“One who possesses all these six divine and inconceivable excellences known as “bhaga” to the utmost degree, namely opulence (or wealth), power, fame, beauty, knowledge, and renunciation is the Supreme Personality of Godhead, thus known as Bhagavan.”
So when you add van to the end of a name or a term it means one who possesses. And so Bhagavan means one who possesses these great opulences to the greatest degree.
The transcendentalists know the secret of how to satisfy the hungry heart. They know that what it is that everybody is looking for in different ways and different means is they are feeling an urging from within. This lack of completeness arises from my having turned away from my eternal soul mate. And while I have turned away I can never experience fulfillment, but once I turn again to the Lord of my heart and become reunited with Him I can become utterly fulfilled and satisfied utterly, and be experiencing the highest forms of transcendental blissfulness, and this is considered perfection. The perfection of human life is to find an end to this journey, this searching, where I actually find what it is that I’ve been looking for in so many different places and in so many different ways.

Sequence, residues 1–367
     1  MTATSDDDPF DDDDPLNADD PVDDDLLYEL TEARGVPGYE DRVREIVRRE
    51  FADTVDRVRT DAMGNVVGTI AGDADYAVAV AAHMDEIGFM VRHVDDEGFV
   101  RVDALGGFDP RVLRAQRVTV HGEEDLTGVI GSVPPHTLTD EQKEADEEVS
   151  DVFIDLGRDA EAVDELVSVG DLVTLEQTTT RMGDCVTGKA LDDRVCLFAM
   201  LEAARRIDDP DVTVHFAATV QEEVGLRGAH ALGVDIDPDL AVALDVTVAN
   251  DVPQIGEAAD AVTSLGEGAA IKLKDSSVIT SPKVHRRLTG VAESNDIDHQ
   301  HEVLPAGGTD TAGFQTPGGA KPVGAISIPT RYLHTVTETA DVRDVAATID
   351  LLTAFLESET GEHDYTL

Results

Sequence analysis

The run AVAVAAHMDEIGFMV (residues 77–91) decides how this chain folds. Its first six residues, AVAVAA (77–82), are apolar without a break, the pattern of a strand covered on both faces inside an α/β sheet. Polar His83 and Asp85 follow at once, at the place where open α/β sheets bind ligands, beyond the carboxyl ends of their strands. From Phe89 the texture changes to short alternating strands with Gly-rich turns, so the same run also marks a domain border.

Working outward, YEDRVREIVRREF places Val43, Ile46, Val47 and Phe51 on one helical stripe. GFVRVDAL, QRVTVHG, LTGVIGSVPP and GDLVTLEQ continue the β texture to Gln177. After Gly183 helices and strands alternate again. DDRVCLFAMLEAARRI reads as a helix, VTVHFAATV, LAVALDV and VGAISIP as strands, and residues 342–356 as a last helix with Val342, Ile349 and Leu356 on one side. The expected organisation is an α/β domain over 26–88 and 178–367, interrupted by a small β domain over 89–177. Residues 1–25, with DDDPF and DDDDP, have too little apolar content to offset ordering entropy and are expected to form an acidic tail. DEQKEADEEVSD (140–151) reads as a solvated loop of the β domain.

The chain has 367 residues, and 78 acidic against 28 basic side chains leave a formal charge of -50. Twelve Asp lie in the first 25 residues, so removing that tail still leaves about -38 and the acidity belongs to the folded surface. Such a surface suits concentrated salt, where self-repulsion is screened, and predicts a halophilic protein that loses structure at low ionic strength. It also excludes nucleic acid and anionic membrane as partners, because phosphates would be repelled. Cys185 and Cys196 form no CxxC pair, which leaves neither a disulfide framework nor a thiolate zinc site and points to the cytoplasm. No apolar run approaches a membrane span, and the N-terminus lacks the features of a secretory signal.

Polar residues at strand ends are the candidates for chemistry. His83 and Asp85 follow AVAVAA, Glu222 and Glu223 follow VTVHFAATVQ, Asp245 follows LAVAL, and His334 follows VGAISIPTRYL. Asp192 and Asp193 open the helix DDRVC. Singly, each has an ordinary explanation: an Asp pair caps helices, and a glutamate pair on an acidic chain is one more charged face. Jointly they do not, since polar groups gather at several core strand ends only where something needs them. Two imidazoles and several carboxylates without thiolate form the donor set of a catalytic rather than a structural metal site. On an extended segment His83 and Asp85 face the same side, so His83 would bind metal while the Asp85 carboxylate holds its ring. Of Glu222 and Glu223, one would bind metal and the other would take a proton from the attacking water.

So from the Bhagavata Purana there is a verse that states
“Only the purified soul can attain the perfection of associating with the Personality of Godhead in complete bliss and satisfaction in his constitutional state. [So this is the constitutional state of the soul itself is to be reconnected] Whoever is able to renovate such devotional perfection is never again attracted by this material world, and he never returns.”
So it’s kind of interesting, the English word “renovate” here, which means to make, kind of like make usable again, make whole again, to rebuild to its original state. The material condition is not the original state or condition of the soul itself, and if one can renovate this, what’s described as a devotional perfection, that experience, it makes so a person is so utterly fulfilled that they never again are attracted by this material world.
In another verse from the Bhagavata Purana
“Formerly, great sages, through the sacrifice of Vedic knowledge and spiritual enlightenment, worshiped Me within themselves, knowing Me to be the Supreme Lord of all sacrifice and the Supreme Soul in everyone’s heart. Thus coming to Me, these sages achieved the supreme perfection.”